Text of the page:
also seems to get many positive reviews. i have one and am happy with it.

    otherwise, i'd go with one of the "higher end" manufacturers.
     
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  10. Carlito

    Carlito Semi-Pro

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    Any comments on the Eagnas rotational gripper? I know they have a bad reputation, but I work close to there warehose so if there is a problem, I can just swing on by.
     
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  11. Irvin

    Irvin G.O.A.T.

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    LOL Just because you are close and can swing right by there does not mean you are going to get anything done.

    Irvin
     
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  12. struggle

    struggle Hall of Fame

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    i have not heard any good things.

    several people are happy with their WISE tension heads.
    you could get a decent lockout now and buy a wise later
    if you wish.

    don't get hungup on constant pull, but if you are i'd
    likely consider a dropweight machine (at your pricepoint).
    instead of an eagnas cheap electronic.

    even the eagnas challenger I looks quite adequate.

    my .02
     
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  13. Donny0627

    Donny0627 Professional

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    yea at 20 rackets a year i would get something like a gamma 602FC II. Its froma reputable company and has fixed clamps...
     
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  14. onefromcov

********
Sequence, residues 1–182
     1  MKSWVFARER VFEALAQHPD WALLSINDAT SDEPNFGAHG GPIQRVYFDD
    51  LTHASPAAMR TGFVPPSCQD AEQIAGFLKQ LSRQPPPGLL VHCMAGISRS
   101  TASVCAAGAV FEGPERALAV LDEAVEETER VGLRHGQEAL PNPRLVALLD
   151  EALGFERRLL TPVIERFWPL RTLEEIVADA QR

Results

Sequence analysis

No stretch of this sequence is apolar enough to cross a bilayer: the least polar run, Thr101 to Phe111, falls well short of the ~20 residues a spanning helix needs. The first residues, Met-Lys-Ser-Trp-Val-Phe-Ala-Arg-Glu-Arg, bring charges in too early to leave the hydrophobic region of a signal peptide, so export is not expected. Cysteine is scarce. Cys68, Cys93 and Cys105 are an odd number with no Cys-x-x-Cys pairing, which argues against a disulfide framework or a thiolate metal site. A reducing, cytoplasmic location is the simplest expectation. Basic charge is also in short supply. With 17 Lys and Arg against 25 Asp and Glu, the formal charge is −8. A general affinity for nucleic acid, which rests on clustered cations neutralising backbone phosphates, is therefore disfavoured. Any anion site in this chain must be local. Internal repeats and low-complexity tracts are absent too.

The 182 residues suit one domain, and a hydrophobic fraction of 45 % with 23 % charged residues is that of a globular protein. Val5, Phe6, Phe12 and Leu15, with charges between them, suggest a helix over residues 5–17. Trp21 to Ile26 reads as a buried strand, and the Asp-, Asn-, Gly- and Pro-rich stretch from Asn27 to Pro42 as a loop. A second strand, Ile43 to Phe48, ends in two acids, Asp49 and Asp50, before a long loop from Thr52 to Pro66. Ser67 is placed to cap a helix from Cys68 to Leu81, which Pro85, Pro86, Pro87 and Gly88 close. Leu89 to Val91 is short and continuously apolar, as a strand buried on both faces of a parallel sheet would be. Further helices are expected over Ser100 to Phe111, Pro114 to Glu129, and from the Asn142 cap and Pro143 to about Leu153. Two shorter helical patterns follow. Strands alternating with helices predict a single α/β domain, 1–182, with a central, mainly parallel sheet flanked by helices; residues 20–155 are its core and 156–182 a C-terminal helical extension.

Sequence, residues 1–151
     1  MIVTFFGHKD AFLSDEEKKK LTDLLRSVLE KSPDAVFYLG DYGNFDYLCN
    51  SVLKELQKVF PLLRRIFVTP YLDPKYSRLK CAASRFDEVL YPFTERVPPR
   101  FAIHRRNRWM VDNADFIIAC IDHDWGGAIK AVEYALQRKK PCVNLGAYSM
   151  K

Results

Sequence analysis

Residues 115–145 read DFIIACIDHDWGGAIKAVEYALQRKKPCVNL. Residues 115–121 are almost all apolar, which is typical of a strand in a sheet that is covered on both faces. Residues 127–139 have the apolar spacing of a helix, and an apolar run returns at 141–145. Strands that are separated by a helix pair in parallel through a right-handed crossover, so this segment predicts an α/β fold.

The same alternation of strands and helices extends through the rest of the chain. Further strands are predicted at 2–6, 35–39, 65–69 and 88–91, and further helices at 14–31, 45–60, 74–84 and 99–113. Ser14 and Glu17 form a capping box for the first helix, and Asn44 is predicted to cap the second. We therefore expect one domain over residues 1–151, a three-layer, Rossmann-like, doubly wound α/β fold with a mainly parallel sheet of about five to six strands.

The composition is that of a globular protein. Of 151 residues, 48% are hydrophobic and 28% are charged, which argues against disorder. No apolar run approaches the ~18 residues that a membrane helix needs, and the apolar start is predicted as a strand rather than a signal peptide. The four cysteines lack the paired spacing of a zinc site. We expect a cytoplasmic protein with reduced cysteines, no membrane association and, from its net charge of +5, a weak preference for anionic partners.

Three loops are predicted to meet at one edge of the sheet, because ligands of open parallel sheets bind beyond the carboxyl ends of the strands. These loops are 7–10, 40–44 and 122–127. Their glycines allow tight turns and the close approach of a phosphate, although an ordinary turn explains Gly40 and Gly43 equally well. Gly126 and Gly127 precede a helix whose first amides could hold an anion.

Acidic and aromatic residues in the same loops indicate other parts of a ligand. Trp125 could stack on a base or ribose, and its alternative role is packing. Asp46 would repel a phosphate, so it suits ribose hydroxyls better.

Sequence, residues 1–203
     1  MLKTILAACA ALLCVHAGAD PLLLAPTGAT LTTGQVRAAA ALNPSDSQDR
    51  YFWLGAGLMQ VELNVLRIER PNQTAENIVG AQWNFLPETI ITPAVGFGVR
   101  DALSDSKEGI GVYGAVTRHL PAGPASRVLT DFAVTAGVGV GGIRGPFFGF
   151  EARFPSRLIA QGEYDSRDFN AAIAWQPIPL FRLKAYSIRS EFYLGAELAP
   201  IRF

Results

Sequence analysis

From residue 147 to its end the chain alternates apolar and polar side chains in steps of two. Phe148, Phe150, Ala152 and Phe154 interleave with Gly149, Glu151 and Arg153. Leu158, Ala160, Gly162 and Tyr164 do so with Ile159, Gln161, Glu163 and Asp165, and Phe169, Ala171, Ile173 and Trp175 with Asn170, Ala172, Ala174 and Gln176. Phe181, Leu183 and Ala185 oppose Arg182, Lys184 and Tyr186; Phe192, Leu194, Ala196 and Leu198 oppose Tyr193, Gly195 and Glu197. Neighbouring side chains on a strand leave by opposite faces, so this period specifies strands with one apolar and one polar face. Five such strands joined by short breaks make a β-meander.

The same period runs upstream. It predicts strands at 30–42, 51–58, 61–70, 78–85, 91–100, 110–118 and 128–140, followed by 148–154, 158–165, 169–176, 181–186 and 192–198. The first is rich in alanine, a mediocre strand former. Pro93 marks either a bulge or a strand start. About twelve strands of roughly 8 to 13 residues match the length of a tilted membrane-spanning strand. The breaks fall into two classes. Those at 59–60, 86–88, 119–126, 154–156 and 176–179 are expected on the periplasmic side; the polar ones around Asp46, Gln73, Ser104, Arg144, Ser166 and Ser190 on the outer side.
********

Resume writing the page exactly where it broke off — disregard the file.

onefromcov New User

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    I owned an eagnas smart 3000 for 5 years,I found the tension being pulled was very inconsistant,it could be as far out as 4lb on consectutive pulls.A drop weight or good lockout would be the best bet.Even
     
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  15. mad dog1

    mad dog1 Legend

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    i owned the eagnas flex 865s which had the rotational gripper. it was a constant pull model. worked fine. pulled very consistent tension. i measured the tension using an ultrasport scale. it was spot on on consecutive pulls. it was a bit difficult to calibrate, but once it was, it was quite consistent.
     
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  16. Rabbit

    Rabbit G.O.A.T.

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    I think you've answered your own question. Given the circumstances around your stringing now and the fact that you're looking at a machine which doesn't get much in the way of respect, I might stay with your current situation and pay $10/stringjob which is done on a "fancy machine". That sounds like the best of the deal.
     
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  17. struggle

    struggle Hall of Fame

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    i just saw a great deal on craigslist for $50. wish i'd have seen it a few months back. keep your eyes peeled.
     
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  18. Racer41c

    Racer41c Semi-Pro

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    If you don't have a clear cut reason, why buy a machine?
     
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  19. 86golf

    86golf Semi-Pro

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    Continue paying the $10 labor for stringing but start looking for a used -good name brand machine like a Neos or Gamma etc. that are used in pro shops. This will allow you to buy a good machine and if things don't work out, you can sell it and only lose 5% or so of the value. If you buy a new machine and it doesn't work out, you will lose 50% of the value.

    To answer your original question, the rotational gripper constant pull is the better option in my opinion all things being equal. You don't have a good business driver for buying a machine, so just take your time and wait for an opportunity to pick up a good used one. In a lot of cases, you can buy a used one, use it for two years and sell it for no loss.